LONDON (Agencies): Anti-racism protesters rallied again around Britain on Saturday, with scuffles breaking out in London as far-right demonstrators also came out to protect monuments targeted for their links to colonial history.
Statues of historical figures including Winston Churchill – Britain’s World War Two leader whom protesters call a xenophobe – were boarded up to try and minimise trouble.
In Trafalgar Square, police separated two groups of about 100 people each, one chanting “Black Lives Matter”, the other racial slurs.
Some groups jostled, tossed bottles and cans, and set off fireworks, as riot police with dogs and horses lined up.
Police said on Saturday that some people were bringing weapons to the London rallies. They imposed route restrictions on both groups and said rallies must end by 5 pm (1600 GMT).
“Anyone who thinks they can commit a crime or vandalise property will be arrested,” Commander Bas Javid said in a statement.
In and around Parlia-ment Square, hundreds of people wearing football shirts, chanting “England, England”, and describing themselves as patriots, gathered alongside military veterans to guard the Cenotaph war memorial.
The group sang songs in support of right-wing activist Stephen Yaxley-Lennon, who goes by the name of Tommy Robinson.
“Winston Churchill, he’s one of our own,” they also chanted, near his statue which last weekend was sprayed with graffiti reading: “Churchill was a racist”.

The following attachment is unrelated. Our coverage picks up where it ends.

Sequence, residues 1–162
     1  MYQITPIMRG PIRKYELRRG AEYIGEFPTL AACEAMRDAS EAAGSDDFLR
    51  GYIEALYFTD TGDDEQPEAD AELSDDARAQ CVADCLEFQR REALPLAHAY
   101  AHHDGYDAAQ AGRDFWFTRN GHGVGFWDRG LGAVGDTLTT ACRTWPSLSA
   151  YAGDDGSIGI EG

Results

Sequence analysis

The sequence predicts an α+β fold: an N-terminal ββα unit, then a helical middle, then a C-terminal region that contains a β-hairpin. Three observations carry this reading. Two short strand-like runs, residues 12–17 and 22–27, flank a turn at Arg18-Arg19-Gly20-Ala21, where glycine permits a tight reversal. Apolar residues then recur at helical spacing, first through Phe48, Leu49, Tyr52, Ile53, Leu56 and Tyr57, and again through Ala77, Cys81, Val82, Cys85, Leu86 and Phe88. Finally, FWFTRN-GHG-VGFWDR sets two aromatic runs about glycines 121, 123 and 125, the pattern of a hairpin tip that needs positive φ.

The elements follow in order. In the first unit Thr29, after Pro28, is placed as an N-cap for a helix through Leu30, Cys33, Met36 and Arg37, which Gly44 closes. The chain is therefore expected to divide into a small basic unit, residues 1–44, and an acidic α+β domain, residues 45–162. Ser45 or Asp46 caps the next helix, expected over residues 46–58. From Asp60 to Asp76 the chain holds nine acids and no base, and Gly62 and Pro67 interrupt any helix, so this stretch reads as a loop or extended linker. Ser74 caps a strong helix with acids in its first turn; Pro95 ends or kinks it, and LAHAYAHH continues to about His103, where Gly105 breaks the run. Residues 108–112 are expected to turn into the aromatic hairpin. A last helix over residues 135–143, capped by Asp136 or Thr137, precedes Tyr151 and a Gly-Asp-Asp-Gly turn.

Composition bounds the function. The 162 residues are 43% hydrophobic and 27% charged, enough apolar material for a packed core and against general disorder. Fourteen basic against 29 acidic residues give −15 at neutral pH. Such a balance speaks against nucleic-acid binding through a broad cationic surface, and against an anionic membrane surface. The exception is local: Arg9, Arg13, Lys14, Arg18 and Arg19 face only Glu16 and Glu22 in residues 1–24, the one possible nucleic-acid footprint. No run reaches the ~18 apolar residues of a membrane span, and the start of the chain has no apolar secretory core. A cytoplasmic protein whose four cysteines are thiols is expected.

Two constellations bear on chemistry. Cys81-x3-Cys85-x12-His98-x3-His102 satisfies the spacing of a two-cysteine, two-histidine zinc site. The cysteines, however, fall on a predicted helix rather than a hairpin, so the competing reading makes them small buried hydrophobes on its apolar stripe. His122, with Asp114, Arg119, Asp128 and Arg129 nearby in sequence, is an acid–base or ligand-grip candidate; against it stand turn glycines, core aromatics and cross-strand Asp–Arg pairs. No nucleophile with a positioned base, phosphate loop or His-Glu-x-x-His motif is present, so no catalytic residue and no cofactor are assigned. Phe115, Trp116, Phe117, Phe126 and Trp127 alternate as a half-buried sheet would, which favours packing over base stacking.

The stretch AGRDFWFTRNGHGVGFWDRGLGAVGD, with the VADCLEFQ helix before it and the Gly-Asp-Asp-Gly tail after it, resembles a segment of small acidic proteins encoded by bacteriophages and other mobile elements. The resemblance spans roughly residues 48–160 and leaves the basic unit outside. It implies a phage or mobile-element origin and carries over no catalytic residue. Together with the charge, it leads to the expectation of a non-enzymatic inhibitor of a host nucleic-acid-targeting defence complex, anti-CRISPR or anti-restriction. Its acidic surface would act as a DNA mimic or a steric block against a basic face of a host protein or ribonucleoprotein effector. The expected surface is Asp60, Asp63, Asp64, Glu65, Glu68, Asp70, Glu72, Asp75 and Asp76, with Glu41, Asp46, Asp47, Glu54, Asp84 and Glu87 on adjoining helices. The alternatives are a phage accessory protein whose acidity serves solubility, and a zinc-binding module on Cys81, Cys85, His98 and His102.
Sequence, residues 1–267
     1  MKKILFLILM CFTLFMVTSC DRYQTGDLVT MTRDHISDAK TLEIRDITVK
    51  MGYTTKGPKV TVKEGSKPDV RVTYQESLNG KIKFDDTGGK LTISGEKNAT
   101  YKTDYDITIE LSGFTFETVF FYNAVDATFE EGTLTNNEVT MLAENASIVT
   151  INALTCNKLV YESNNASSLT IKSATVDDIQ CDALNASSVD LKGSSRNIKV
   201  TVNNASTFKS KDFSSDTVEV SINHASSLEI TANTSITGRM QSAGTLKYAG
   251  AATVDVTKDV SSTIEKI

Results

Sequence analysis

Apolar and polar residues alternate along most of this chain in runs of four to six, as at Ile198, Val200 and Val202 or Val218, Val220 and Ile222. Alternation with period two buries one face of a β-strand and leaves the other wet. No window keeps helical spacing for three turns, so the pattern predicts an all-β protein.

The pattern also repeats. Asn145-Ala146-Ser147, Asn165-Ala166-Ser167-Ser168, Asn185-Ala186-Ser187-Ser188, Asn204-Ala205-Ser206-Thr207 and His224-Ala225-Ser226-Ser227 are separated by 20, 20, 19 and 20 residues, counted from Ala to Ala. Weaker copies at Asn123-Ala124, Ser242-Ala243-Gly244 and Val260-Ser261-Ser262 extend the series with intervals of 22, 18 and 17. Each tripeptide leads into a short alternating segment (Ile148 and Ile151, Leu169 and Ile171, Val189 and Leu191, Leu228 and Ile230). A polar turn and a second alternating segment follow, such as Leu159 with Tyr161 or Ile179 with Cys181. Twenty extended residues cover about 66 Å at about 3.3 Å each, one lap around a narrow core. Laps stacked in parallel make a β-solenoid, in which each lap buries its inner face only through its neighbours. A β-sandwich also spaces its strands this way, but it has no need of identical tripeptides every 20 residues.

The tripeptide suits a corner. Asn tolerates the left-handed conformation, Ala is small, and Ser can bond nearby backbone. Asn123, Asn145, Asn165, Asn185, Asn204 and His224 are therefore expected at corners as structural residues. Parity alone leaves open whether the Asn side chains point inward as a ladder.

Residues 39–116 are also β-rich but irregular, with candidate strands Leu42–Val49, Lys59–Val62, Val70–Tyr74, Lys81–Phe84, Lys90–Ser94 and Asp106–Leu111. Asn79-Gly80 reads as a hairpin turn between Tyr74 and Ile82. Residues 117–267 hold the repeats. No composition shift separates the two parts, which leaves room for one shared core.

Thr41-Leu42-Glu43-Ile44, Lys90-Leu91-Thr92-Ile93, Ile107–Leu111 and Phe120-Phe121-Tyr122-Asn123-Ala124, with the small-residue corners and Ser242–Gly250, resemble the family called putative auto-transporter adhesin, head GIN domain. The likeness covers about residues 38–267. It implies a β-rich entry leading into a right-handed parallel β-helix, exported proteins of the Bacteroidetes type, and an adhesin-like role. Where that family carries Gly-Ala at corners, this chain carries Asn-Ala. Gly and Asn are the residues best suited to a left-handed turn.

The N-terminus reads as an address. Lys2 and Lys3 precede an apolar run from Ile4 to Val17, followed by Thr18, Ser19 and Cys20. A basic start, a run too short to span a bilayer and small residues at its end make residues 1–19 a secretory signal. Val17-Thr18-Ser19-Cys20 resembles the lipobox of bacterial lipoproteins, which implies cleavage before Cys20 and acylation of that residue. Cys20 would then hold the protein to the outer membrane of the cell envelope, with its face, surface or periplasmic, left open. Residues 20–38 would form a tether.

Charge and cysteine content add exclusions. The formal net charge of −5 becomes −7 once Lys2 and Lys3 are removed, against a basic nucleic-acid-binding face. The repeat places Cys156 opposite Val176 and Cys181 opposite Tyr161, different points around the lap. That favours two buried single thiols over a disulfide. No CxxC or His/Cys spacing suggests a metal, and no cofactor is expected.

“My culture is under attack. This is my culture and my English history: why should Churchill be boarded up? Why is the Cenotaph attacked? It is not right,” said David Allen, one of the protesters.
Paul Golding, leader of the far-right group Britain First, said activists have turned out to “guard our monuments.”
“I am extremely fed up with the way that the authorities have allowed two consecutive weekends of vandalism against our national monuments,” Golding told the Press Association.
‘To be black is not a crime’
About two miles away, around 20 anti-racism protesters gathered at Hyde Park, holding Black Lives Matter placards, even tho-ugh organisers had told th-em not to attend fearing clashes. Hundreds also attended rallies in other English cities, many donning masks due to the coronavirus pandemic.
“To Be Black Is Not A Crime,” read one placard at a rally in Reading.
In London, Churchill’s statue was daubed with the words “was a racist.”
“We have intelligence that extreme far right groups are coming to London ostensibly, they say, to protect the statues, but we think the statues may be a flashpoint for violence,” London’s mayor Sadiq Khan said on BBC Radio.
Police imposed strict restrictions in a bid to avoid violent clashes. Authorities also fenced off other statues in Parliament Square, including memorials to Nelson Mandela and Abraham Lincoln.